Remembering Capt. Richard Thiel
Man, this life goes by quickly. And we never know when our time on this earth is going to end. That’s why we’re glad we spent as much of our time as we can on the water. There’s something immediate about it—something that forces us to live in the moment.
And so when a life is cut short, we take solace that if the person was a boater, at least he enjoyed his days to the full. And so we remember the life of Capt. Richard Thiel, who served as editor-at-large of our sister publication Power & Motoryacht, and understood the appeal of a life afloat as much as anyone. And after serving for 25 years as the editor-in-chief of that magazine, making it a resource for boaters with no equal, he continued in what would be his final post with the same vigor. One advantage: he could stick to the topics that most interested him: engines and efficiency.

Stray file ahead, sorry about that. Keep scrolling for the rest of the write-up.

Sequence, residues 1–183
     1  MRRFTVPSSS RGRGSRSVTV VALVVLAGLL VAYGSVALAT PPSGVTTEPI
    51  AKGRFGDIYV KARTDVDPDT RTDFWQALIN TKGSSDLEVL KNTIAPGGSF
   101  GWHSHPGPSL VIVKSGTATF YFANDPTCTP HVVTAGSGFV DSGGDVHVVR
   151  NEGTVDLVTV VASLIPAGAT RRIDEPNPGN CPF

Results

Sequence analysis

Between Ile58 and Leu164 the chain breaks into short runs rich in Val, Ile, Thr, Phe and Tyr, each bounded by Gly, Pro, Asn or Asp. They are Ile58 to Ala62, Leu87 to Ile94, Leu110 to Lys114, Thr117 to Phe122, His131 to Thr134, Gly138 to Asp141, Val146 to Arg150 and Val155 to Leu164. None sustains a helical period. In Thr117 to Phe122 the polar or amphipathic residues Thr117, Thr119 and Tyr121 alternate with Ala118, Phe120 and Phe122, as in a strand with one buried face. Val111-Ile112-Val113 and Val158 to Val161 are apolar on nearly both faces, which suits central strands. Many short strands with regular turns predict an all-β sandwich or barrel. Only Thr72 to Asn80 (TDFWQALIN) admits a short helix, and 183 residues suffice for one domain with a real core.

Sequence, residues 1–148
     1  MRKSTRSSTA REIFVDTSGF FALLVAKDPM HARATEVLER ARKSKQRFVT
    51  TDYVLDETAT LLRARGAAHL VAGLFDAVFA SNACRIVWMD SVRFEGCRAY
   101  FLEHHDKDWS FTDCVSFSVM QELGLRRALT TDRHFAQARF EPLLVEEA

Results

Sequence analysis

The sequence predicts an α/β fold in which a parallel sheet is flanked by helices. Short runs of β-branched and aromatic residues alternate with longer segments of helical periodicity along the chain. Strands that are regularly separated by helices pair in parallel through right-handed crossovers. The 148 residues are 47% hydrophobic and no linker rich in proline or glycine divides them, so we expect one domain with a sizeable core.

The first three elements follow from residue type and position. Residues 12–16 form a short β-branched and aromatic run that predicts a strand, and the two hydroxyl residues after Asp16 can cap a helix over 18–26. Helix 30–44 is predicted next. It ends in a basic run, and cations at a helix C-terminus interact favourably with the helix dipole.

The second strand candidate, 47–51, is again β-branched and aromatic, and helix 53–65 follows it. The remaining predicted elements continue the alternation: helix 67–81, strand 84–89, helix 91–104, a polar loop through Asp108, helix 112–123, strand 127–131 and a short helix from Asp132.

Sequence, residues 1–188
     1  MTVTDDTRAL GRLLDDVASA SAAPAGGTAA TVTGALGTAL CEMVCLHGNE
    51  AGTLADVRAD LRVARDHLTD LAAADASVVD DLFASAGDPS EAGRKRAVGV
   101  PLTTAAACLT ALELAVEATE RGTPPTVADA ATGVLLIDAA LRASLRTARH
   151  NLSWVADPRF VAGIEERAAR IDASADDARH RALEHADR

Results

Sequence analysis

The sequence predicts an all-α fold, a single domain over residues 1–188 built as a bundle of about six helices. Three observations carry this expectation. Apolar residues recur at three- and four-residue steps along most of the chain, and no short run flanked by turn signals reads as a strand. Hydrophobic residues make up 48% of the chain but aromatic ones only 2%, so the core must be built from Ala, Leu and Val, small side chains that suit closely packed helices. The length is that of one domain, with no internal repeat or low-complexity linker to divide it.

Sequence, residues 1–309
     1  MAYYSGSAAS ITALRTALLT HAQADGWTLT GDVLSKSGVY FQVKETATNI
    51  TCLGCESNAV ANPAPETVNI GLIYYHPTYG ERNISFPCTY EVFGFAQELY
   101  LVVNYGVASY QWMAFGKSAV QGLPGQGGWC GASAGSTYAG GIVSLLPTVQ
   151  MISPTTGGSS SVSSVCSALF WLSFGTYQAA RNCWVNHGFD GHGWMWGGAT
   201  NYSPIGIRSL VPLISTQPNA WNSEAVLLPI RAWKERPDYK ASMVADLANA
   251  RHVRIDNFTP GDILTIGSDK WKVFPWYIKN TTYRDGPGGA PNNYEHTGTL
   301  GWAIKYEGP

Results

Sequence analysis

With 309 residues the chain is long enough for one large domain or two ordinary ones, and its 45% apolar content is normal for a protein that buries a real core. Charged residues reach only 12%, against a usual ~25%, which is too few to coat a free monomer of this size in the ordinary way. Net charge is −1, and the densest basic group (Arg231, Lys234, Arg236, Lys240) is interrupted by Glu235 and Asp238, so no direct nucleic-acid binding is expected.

Here are three articles (just recent examples of literally hundreds of such pieces) that are excellent examples of his insight and direct style.
Like its author, this piece gets right to the point, and advises boaters on how to refloat their boats without causing further, more expensive damage.
When you get to the heart of Thiel’s reasoned argument, you may understand the advantages of improving comfort onboard in a completely different way.
Thiel makes no secret of his appreciation for outboard motors, but that’s no surprise since such recognition extended to pretty much anything that makes boats go. But the technological leaps in outboards were sure to draw his attention. Still he looked at it with his scientific approach.